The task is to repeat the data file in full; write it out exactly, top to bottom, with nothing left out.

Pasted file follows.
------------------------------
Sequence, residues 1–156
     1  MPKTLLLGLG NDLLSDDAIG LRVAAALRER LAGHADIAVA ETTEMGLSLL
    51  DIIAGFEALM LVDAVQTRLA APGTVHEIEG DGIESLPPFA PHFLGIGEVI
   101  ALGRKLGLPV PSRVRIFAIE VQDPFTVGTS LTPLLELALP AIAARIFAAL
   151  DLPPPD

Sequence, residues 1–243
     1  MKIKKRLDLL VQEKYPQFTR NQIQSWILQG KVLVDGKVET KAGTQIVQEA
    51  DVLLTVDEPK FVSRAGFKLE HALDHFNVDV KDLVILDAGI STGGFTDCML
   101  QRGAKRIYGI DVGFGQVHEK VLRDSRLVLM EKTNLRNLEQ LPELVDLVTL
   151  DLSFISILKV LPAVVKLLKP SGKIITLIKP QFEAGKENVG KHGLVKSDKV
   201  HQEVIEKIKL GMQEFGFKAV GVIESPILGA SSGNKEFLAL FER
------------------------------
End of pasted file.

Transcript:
Sequence, residues 1–156
     1  MPKTLLLGLG NDLLSDDAIG LRVAAALRER LAGHADIAVA ETTEMGLSLL
    51  DIIAGFEALM LVDAVQTRLA APGTVHEIEG DGIESLPPFA PHFLGIGEVI
   101  ALGRKLGLPV PSRVRIFAIE VQDPFTVGTS LTPLLELALP AIAARIFAAL
   151  DLPPPD

Sequence, residues 1–243
     1  MKIKKRLDLL VQEKYPQFTR NQIQSWILQG KVLVDGKVET KAGTQIVQEA
    51  DVLLTVDEPK FVSRAGFKLE HALDHFNVDV KDLVILDAGI STGGFTDCML
   101  QRGAKRIYGI DVGFGQVHEK VLRDSRLVLM EKTNLRNLEQ LPELVDLVTL
   151  DLSFISILKV LPAVVKLLKP SGKIITLIKP QFEAGKENVG KHGLVKSDKV
   201  HQEVIEKIKL GMQEFGFKAV GVIESPILGA SSGNKEFLAL FER